London — Trade talks between the UK and EU are set to be extended beyond this weekend’s informal deadline and continue in Brussels next week, according to two people familiar with the matter.

Negotiators have been working around the clock in London since Monday, with both sides pinpointing the end of this week as the last moment they could strike a deal while still allowing enough time for parliamentary ratification before the UK leaves the bloc’s single market on December 31.

While the talks haven’t reached a conclusion, officials think there is enough progress to warrant carrying on. They will probably resume in Brussels, the people said, speaking on condition of anonymity because of the sensitivity of the matter.

“We can get a deal done,” Irish foreign minister Simon Coveney told a Dublin webinar on Wednesday. “If we can’t get a deal done, it will represent an extraordinary failure of politics and diplomacy. Everybody wants a deal here. And the cost of failure is what will motivate people to hopefully agree to sensible compromise.”

One of the people warned there were now only a few days left to reach an agreement and pointed to a video-conference of the EU’s 27 leaders on November 19 as a possible deadline. That would allow them to approve any deal on the call.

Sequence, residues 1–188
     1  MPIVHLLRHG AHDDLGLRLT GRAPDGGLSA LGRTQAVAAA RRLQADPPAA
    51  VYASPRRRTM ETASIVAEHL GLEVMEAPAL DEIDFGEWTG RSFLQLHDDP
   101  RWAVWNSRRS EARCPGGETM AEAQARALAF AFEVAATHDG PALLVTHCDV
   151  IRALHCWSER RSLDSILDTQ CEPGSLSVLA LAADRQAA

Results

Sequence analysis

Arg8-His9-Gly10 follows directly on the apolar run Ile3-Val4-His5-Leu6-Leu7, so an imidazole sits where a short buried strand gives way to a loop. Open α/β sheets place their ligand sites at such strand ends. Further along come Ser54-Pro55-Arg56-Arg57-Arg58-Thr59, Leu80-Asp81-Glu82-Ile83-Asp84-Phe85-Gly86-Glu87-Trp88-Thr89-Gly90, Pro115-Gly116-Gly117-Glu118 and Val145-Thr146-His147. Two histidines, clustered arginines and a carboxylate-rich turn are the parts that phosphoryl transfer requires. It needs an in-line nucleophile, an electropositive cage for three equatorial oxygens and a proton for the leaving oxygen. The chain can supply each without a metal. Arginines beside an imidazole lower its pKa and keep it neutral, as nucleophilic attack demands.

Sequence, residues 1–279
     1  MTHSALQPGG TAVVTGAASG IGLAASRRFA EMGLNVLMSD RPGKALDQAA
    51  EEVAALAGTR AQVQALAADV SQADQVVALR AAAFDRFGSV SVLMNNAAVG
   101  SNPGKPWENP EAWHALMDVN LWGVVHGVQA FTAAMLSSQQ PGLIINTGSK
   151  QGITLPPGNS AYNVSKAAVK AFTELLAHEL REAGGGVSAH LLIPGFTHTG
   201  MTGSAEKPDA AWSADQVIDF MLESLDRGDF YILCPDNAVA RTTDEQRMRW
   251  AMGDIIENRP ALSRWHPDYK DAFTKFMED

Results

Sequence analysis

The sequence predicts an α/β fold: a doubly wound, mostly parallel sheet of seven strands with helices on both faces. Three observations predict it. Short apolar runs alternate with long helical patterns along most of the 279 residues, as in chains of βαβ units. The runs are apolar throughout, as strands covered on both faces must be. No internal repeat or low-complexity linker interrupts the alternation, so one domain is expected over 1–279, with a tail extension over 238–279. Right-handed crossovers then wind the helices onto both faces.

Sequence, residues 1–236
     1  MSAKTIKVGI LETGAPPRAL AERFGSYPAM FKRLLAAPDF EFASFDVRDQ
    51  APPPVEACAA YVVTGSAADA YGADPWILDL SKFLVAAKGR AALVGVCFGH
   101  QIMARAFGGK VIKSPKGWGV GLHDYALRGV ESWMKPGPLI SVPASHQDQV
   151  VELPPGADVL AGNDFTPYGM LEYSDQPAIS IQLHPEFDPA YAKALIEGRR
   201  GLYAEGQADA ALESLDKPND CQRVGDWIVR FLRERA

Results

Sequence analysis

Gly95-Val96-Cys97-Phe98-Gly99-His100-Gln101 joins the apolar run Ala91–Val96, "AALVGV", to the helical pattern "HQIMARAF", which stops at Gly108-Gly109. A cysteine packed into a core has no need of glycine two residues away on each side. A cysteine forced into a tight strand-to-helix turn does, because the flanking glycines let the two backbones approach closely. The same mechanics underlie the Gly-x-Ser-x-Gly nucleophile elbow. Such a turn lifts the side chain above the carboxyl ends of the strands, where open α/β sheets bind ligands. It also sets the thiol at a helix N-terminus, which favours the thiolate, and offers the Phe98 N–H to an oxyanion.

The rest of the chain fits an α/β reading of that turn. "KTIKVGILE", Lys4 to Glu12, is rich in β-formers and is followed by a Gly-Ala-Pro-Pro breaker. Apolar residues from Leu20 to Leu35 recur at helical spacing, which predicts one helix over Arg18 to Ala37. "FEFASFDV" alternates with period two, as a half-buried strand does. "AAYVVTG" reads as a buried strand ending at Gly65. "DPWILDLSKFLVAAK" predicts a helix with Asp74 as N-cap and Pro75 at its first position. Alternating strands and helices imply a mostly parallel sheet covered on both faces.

Officials close to the talks said that negotiators are making progress this week and the extension into next week should be seen as a signal both sides believe an agreement is in sight.

Time is tight because the UK and European parliaments need to ratify any agreement before the end of 2020. While this could be done in a matter of days in the British parliament, the EU side needs longer. European legislatorss want the text to scrutinise in committees before a vote in their last plenary session, which begins on December 14.

On Saturday, UK Prime Minister Boris Johnson and European Commission president Ursula von der Leyen said after a phone call that large differences — notably on access to British fishing waters and the level playing field for business — still needed to be bridged if there were to be an agreement.

Both sides said they were redoubling their efforts this week.


Would you like to comment on this article or view other readers' comments?
Register (it’s quick and free) or sign in now.

Speech Bubbles

Please read our Comment Policy before commenting.